And Meet the Sussexes!
So, the result from letting a broody hen sit on 12 fertilised eggs has resulted in one chick, named Harvey.
Hatching day was one big disaster and very distressing too as on Sunday we could hear peeping from some of the remaining 5 eggs and were very hopeful of welcoming 5 chicks. Sadly it was not to be; 2 eggs never hatched, mother hen trampled a newly hatched chick (extremely distressing), one egg was rotten and one egg was missing! Turns out that she had also managed to dump one chick half a meter down onto the ground from the nest.
And that’s how we found poor Harvey; all cold and wet and lying on his back with evil mum looming over him.
Then when he was just 2 days old, we checked up on him and his ‘mum’.
Mum got all stressed because she couldn’t find him, so she started calling for him while turning around fast looking for him. We saw that Harvey was stuck in her wing and that he was being flung around too! Through the coop and even through the water bowl! We also panicked, but thankfully at some point he fell out and everything calmed down again.
I guess that was Harvey’s first go on the merry-go-round, or should I say: Harvey-go-round?!
Fast forward 3 weeks and he is growing into a bold, little rascal:
One afternoon we were enjoying a glass of wine in the last of the summer's sun when we heard mother hen making a ruckus and very loud peeps coming from Harvey. Turns out evil mum had been digging a tunnel underneath the fence and Harvey escaped to the other side where the Decibels (our 3 mature chickens) had been eyeing him up, no doubt with sinister plans on their minds!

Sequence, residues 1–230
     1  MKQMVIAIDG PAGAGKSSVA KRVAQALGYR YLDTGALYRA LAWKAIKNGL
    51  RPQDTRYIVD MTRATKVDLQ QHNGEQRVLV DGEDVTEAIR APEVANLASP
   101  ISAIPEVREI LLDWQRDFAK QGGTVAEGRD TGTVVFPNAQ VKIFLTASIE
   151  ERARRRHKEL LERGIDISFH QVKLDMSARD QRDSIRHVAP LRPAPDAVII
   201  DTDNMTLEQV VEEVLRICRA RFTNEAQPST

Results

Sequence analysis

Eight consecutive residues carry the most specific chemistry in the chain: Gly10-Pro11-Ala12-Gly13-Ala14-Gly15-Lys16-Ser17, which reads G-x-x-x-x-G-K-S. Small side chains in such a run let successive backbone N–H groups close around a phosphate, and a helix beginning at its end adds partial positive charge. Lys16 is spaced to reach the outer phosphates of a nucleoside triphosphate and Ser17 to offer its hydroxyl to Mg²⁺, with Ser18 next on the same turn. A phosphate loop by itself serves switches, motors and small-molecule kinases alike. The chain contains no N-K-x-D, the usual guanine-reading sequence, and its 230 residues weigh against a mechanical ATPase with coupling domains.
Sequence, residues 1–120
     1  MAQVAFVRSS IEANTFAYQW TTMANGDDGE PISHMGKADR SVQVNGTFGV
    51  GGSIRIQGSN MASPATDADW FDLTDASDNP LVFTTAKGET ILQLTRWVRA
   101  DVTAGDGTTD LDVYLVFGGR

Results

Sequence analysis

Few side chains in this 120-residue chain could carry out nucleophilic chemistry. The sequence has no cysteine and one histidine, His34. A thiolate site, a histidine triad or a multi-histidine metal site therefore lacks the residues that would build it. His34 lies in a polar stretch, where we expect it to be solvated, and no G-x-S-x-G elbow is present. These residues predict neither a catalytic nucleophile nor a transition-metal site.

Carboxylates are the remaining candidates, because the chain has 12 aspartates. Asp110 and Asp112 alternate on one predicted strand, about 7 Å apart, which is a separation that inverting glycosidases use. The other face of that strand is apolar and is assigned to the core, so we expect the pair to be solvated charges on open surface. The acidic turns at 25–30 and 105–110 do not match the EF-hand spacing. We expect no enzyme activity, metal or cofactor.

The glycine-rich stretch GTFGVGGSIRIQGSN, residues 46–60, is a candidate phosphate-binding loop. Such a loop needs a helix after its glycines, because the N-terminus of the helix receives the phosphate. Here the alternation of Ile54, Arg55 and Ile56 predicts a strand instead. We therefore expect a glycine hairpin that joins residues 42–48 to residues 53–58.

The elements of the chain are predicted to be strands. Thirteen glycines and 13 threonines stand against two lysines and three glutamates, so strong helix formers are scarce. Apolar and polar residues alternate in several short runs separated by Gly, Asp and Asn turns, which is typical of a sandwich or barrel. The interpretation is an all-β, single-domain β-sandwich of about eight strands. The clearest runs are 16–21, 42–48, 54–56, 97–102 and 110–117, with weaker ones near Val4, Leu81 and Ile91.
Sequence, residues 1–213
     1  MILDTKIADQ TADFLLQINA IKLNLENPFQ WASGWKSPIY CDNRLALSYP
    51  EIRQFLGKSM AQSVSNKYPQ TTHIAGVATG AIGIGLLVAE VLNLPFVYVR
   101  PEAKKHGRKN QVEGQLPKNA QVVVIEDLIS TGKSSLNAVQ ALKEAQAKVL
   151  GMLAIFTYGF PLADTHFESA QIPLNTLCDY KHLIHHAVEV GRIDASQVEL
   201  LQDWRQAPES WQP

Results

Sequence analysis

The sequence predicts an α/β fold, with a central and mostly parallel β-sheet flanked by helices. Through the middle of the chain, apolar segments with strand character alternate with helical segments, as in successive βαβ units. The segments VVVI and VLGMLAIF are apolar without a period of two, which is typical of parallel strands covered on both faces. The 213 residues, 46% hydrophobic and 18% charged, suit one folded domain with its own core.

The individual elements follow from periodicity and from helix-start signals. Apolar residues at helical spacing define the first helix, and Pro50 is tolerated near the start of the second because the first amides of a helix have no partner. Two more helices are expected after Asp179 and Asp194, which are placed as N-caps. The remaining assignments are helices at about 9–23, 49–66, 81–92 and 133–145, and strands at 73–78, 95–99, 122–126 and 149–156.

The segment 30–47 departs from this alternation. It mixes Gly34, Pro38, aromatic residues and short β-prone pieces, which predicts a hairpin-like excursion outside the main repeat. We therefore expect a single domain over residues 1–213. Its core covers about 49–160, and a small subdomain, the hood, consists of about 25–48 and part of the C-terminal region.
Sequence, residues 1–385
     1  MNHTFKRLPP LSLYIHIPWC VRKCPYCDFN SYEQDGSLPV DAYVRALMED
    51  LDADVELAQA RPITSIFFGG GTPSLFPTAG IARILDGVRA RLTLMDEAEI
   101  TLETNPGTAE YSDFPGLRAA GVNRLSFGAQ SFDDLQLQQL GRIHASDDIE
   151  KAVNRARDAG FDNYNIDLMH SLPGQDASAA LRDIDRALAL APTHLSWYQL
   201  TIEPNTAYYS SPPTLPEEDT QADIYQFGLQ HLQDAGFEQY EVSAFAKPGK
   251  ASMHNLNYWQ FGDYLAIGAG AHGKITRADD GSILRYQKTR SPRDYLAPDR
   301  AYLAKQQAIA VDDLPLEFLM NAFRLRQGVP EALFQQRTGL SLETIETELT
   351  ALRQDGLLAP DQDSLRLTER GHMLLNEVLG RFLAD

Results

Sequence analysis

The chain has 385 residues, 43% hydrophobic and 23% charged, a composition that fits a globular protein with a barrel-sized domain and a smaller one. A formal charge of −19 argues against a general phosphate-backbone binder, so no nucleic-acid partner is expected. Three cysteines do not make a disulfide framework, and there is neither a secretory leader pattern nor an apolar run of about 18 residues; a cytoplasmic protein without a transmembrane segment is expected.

Thankfully we weren't that tipsy that we couldn't save him, but it was a very close call. I think the Decibels were that perplexed that they didn’t know what to do about this little intruder.
JP and I are smitten with ‘our’ wee Harvey and are spoiling him rotten; he already runs to the door when he sees us and eats from our hands. And when he is older, he gets to meet the girls, lucky him!
Meet the Sussexes!
After the failure of losing 11 out of 12 eggs, we still wanted to increase our flock of chickens, so we decided to spend some money and get 6 fancy, pure breed Light Sussex hens.
They are truly beautiful chickens with black tails and a speckled collar.
They also have a very calm and placid nature, so are good for introducing to existing flocks.
Mind you, the Decibels (our mature black Daisybell chickens) are not impressed and are bullying them a little. This is normal behaviour as they need to establish a pecking order, it's not nice, but it is nature and as long as the pecking stops when they run away and as long as all can access food and water, then you'll have to let them do their thing. During their first week one of the new ones had a little scare too; when coming home from the shop I found one stuck between the water butt and the shed! I don’t know how long she had been stuck, but with superhero power I managed to move the 200kg heavy water butt a little bit, so that I could lift her out.
Thankfully, she wasn’t hurt.
The summer has been very dry and I had to water a lot of the vegetables (until today when it is chucking it down). We keep several 20 litre drums filled with water handy in case our water butts go empty and that really helps saving tap water. Occasionally I have these 20 litre drums in the shop (they are the Bio D containers for refilling), so if you would like these too as extra water storage, please check if we have any and I am more than happy to give them to you.
This year I have grown yellow courgettes and purple French beans, which combined with red tomatoes and a green cucumber made a very colourful basket!